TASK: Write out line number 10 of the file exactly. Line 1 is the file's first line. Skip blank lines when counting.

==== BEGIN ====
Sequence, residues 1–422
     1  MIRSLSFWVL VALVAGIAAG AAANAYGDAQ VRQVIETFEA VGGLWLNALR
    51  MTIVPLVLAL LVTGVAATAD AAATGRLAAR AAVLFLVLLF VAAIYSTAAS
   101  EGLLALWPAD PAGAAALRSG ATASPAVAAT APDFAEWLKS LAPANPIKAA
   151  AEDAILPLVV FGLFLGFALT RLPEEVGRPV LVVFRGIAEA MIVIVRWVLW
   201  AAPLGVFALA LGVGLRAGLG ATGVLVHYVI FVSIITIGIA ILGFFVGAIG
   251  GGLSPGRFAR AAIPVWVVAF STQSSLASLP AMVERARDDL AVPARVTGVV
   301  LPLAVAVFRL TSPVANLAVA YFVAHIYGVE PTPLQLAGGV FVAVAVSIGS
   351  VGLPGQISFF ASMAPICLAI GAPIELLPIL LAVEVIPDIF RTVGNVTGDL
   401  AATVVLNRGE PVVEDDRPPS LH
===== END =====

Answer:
   401  AATVVLNRGE PVVEDDRPPS LH